If you want to host the Amateur Championship six times, the Walker Cup, Curtis Cup and several European Tour events, you had better have a pretty good golf course.
But that is the history of Royal Porthcawl, another of those Welsh links gems that doesn’t necessarily receive the attention or praise that it deserves. Unusually for a links course, there is an absence of sandhills and, as the layout slopes down towards the sea, virtually every hole offers a view of the Bristol Channel.
They also zigzag their way around in such a fashion that the almost permanent wind seems to be always coming from a different direction.
Porthcawl is the ideal destination for groups, having a dormy house that sleeps 12 (six single and three twin rooms) and it is difficult to imagine a friendlier, better place to spend a few days with like-minded friends.
24th Best Golf Course in the UK
In the early part of 1891 a group of Cardiff business men, involved in shipping and coal exporting, and all keen golfing enthusiasts decided to form a golf club at Porthcawl. The following April the members were granted the right to cut holes for a nine hole golf course on Lock's Common.
The rest of that year was spent clearing the common of a dense, tangled covering of gorse and bracken, and in February 1892 Charles Gibson, the Westward Ho.! professional, was invited to Porthcawl where he stayed and laid out the nine hole course.
In 1895 it was decided to move to the present location and extend the course adding nine more holes on land forming part of the Manor of Sker. About three years later the original nine holes on the Common were abandoned and the present eighteen established.
King Edward VII bestowed the honour of Royal status on the club in 1909 and in 1932, The Prince of Wales (afterward the Duke of Windsor) visited the club with some of his friends who were members. One of the many interesting objets d'art in the Club House is the full length picture of the Prince.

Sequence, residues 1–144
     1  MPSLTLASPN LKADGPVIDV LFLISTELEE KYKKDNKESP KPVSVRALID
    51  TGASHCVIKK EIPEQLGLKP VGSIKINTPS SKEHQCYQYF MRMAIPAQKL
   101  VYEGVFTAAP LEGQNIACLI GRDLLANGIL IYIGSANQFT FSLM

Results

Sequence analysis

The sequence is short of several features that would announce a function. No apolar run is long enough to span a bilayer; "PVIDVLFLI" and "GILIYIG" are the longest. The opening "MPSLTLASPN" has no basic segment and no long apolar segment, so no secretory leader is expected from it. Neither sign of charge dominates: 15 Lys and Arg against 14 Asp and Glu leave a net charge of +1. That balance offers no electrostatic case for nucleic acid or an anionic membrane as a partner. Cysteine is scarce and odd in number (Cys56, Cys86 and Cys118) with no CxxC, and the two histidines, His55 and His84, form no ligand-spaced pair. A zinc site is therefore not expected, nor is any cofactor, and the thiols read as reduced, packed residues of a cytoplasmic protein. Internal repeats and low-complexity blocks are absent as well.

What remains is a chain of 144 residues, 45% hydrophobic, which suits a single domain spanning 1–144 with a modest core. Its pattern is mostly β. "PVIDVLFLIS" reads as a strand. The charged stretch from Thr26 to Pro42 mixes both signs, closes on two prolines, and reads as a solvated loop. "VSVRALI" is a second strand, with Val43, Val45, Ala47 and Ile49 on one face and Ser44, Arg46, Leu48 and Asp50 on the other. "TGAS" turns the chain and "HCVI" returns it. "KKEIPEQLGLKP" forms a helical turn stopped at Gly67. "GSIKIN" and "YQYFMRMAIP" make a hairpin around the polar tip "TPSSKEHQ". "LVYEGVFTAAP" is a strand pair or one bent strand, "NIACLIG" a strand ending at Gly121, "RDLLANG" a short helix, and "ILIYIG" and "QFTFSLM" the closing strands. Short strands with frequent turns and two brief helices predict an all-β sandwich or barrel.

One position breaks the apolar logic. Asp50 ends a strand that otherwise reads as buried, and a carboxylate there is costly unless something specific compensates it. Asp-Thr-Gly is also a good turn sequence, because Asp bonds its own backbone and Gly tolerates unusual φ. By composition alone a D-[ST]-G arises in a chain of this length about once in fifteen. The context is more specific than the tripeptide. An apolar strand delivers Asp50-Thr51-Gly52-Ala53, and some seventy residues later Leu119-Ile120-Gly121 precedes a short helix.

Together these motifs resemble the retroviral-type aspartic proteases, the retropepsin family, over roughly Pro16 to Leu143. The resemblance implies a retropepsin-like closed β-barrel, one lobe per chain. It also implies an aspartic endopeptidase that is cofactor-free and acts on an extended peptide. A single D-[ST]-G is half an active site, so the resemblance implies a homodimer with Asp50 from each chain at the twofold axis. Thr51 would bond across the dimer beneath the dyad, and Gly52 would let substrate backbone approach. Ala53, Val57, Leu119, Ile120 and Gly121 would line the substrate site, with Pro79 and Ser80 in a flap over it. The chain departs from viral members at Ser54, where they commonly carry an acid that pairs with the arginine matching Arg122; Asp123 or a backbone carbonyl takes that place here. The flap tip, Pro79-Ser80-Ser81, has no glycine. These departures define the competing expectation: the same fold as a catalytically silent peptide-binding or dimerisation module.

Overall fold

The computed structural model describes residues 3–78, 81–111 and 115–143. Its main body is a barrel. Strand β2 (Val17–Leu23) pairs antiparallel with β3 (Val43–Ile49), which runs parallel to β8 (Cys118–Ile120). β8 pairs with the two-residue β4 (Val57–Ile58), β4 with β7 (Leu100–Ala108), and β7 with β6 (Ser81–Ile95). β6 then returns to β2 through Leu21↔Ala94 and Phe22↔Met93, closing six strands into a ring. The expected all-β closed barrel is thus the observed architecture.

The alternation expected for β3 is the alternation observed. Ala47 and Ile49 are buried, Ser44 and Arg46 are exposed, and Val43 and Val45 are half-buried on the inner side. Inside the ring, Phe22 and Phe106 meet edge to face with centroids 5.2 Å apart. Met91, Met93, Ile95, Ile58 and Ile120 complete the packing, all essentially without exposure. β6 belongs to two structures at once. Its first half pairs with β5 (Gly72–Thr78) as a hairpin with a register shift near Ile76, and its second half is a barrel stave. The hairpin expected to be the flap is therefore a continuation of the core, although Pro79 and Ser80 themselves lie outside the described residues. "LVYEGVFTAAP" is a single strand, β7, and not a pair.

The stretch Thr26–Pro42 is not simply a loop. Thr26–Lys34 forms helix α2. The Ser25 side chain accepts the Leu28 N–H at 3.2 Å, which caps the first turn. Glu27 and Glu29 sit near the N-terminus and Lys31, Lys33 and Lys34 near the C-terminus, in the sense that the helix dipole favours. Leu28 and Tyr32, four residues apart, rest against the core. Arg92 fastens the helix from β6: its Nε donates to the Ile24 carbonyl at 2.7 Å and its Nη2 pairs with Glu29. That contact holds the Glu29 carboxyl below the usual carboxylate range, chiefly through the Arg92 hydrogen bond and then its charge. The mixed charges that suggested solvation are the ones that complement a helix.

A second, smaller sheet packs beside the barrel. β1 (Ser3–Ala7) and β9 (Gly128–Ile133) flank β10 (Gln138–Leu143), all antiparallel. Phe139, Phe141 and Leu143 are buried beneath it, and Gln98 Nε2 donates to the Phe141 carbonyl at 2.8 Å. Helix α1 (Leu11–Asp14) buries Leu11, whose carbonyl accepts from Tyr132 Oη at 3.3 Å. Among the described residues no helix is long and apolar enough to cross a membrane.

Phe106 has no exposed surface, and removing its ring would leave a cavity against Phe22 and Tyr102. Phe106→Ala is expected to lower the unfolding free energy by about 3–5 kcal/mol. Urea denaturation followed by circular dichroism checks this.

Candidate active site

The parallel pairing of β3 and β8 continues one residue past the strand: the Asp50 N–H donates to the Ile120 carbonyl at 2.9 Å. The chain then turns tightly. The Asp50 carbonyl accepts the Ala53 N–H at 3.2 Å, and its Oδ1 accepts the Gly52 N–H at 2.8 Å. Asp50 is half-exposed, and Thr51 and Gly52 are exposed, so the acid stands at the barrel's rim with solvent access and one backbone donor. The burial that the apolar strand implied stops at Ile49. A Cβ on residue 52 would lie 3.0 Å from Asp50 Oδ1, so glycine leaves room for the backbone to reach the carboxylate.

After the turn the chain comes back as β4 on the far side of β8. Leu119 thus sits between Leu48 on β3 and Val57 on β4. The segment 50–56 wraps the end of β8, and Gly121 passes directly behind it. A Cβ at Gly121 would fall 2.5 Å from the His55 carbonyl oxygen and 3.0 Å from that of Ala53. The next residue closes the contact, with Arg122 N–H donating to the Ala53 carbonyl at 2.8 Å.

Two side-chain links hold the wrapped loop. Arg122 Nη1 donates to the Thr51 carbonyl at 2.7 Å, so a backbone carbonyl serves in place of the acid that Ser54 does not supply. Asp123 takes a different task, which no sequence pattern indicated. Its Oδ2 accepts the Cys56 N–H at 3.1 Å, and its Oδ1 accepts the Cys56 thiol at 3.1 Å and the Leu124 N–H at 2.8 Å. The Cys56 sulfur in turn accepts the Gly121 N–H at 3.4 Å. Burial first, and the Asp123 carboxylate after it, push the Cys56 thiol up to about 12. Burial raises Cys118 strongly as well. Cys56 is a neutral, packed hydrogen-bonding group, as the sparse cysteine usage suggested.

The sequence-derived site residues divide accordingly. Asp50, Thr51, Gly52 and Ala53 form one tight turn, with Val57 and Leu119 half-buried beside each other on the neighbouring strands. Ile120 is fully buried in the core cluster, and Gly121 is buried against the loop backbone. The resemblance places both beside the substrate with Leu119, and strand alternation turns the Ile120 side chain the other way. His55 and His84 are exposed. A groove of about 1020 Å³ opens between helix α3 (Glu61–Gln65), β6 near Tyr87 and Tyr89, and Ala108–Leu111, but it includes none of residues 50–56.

Royal Porthcawl was described as being one of the twelve finest courses in the world by the late Tom Scott, a leading writer on golf and former editor of Golf Illustrated. Since his day the club has acquired a large practice area and further improvements have been made to the course, developments which keep Royal Porthcawl firmly among the world's top golf courses. The status of the course is sustained by the many prestigious professional and amateur events held at the club over the years.
Michael Williams of the Daily Telegraph summed it all up with; "Royal Porthcawl epitomises all that is best about the game, as it once was, even down to a creaking clubhouse that is as unchanging as the magnificent links and unrivalled hospitality."
From junction 37 of the M4 take the A4229 south to Porthcawl. At the first roundabout go straight across and at the second roundabout by the Esso filling station, take a right. At the 3rd roundabout on the outskirts of Porthcawl, turn right. After a little more than a mile along a residential road, with the coastline in front of you, the road takes a 90 degree left turn. After about a quarter of a mile take a right. This narrow road takes you past the Lifeguard station and straight ahead of you is the Royal Porthcawl Golf Club